Summary: Christians sometimes wonder why they experience trials and corrections while the ungodly seem to prosper. This is examined in the light of Psalm 73.

Psalm 73



For the last two weeks we have talked about “Foundational Guidance,” those things we do regardless of circumstances, “come what may.” We took our first message from Micah 6:8 where God tells us to (1) do justly (2) to love mercy (3) and walk humbly with your God.

Last Sunday our text was Psalm 50. There we added three more things God wants us to do—always, at all times, in all circumstances: (1) offer thanksgiving (2) pay your vows (3) call upon the Lord in the day of trouble.

Our text today is Psalm 73. Asaph is the author of this Psalm. He was David’s chief musician (1 Chron. 16:4-6); and we know from 2 Chron. 35:15 that his family carried on the tradition of worship. Asaph wrote Psalm 50 that we ministered from last week; and he wrote Ps 73-Ps 83.1

In Ps 73 Asaph shares a personal experience that he went through. It is an experience I can identify with and I think you will, as well. He begins with a summary of his conclusion as a result of this experience.

Follow with me as we read verse 1, “Truly God is good to Israel, To such as are pure in heart.” If you are one of God’s children and your heart is sincere toward Him, you can count on it—God is treating you good! “Oh, give thanks to the LORD, for He is good! For His mercy endures forever (Ps 118:29). The goodness of the Lord to His people is a certainty. The Hebrew word translated “Truly” ('ak) is a particle of affirmation. It means “it is so,” indeed, certainly, God is good to His people. The word is also restrictive in that it means God is “only” good to His people. There is no shadow of darkness in Him. He is pure light and pure love. He orders our steps with infinite wisdom and unadulterated goodness. 2 God only works for your good (Rom. 8:28). He is unreservedly for you; not against you. “Truly God is good to Israel, To such as are pure in heart.” This is always true and never not true for the “true” Israel, “To such as are pure in heart.”

I. The STRUGGLE Asaph experienced in coming to this conclusion.

Follow with me as we read verses 2-3.

“But as for me, my feet had almost stumbled; My steps had nearly slipped. 3 For I was envious of the boastful, When I saw the prosperity of the wicked.”

The prosperity of the wicked: “I thought God blessed and prospered the righteous; and He judges the wicked?” What Asaph observes flies in the face of what was a prevailing theology in the past and is still prevalent among many Christians. It’s very simple. God prospers the righteous. He gives them good jobs, healthy families, trouble-free lives. Conversely God pours judgement and contempt on ungodly people. He makes their lives miserable because they have offended Him by the way they live. There is just enough truth in that to make it seem right to a lot of people.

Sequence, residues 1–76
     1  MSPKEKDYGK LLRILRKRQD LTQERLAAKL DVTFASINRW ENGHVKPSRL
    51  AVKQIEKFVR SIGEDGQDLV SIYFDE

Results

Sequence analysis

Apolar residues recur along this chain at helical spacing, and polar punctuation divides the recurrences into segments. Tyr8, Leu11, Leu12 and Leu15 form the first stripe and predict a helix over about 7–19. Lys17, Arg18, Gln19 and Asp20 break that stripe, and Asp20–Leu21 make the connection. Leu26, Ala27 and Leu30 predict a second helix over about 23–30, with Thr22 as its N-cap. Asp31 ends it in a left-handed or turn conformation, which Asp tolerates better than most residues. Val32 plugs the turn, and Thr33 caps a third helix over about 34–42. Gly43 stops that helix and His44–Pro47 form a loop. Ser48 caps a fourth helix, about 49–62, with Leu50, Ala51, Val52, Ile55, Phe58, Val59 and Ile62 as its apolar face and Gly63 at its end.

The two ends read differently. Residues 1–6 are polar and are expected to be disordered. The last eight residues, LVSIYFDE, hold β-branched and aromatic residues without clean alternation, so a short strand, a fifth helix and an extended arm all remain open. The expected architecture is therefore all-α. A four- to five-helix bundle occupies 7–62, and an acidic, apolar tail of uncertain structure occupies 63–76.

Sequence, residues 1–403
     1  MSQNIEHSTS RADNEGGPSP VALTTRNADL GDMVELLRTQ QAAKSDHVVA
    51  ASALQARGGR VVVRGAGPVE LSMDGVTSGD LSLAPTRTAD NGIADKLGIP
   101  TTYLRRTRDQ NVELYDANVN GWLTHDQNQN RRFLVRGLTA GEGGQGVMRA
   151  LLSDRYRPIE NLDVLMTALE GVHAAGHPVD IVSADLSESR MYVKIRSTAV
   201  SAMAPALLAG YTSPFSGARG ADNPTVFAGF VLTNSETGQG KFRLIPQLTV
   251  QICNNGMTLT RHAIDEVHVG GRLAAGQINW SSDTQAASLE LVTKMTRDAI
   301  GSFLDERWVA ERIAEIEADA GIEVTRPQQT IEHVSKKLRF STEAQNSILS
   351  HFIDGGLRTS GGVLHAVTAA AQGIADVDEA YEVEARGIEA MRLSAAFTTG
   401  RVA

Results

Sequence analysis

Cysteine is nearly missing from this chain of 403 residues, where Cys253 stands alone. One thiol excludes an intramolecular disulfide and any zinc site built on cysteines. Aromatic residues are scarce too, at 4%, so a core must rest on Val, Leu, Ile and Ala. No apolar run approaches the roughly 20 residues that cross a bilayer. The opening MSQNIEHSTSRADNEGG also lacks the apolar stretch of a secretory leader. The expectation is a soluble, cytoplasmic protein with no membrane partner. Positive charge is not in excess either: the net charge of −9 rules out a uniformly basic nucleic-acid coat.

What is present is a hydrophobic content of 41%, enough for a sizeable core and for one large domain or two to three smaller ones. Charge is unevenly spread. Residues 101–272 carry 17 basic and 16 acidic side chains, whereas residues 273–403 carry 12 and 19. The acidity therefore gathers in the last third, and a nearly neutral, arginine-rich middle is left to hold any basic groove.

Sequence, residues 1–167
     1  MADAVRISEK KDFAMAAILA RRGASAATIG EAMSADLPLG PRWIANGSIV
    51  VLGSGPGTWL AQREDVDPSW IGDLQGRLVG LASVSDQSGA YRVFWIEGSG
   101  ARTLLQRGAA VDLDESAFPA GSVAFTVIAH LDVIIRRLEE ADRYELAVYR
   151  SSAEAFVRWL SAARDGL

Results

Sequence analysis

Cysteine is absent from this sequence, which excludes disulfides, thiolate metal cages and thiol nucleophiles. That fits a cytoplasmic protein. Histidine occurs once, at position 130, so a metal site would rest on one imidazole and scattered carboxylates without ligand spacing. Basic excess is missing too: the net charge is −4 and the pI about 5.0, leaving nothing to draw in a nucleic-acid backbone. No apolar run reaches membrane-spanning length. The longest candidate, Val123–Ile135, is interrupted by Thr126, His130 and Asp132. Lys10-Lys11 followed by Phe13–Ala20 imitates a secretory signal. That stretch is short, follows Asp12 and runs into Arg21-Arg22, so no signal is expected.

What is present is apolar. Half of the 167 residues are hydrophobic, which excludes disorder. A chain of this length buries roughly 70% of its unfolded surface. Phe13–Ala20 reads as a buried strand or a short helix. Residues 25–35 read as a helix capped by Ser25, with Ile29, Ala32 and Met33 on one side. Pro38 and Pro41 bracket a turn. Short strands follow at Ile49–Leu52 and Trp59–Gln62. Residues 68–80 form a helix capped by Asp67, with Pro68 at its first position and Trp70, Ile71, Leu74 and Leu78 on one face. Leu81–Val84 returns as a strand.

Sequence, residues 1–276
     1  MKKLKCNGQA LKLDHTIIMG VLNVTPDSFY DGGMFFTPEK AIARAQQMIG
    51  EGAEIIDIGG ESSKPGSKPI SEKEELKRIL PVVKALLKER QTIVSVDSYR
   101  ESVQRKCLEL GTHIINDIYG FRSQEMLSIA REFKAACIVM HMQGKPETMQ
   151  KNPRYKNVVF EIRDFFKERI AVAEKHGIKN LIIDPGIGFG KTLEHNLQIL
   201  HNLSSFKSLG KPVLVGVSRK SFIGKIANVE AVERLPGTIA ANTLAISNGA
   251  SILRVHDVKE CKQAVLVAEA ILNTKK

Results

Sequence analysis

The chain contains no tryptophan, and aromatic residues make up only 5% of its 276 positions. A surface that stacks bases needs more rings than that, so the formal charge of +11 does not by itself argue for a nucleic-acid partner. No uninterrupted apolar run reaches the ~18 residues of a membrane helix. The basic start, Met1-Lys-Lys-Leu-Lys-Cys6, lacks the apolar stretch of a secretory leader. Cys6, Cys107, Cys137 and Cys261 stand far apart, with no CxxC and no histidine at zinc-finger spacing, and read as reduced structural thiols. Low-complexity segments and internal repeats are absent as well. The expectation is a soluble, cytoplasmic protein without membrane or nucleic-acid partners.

For example, Job’s friends were trying to get Job to see his experience from that perspective. “Job, you’re having an inordinate amount of trouble. That tells us you must be a terrible sinner. If you would just repent of whatever it is you’re doing that offends God, then you could return to prosperity.” They give him lecture after lecture that amounts to this theology. If you’re living a righteous life, good things will happen to you. If you live an unrighteous life, bad things will happen to you. So we can easily tell the good guys from the bad guys.3 The good guys are the ones who have a lot of money and good health and everything is going their way. The bad guys are the ones that are not doing life right. As a result they have a whole lot of troubles.

But when we read the end of the story in the last chapter of the book, we hear God telling these theologians, you got it wrong. That is an over simplistic understanding of how I work. The fiery trial Job went through was not a sign of God’s disfavor on Job’s life. It was actually a preparation for increased blessing.

So in our text Asaph looks at wicked people and they are prospering, living in luxury and health, doing as they please and getting away with it. They walk around with their noses in the air, looking down on other people. They make crooked business deals and then brag on their abundance. They even blaspheme God and nothing happens to them. Asaph describes it all in verses 4-12 “For there are no pangs in their death, But their strength is firm.” You would at least expect it to be a terrible experience when they came right down to death’s door. But, no, they even have an easy death. What’s going on here?

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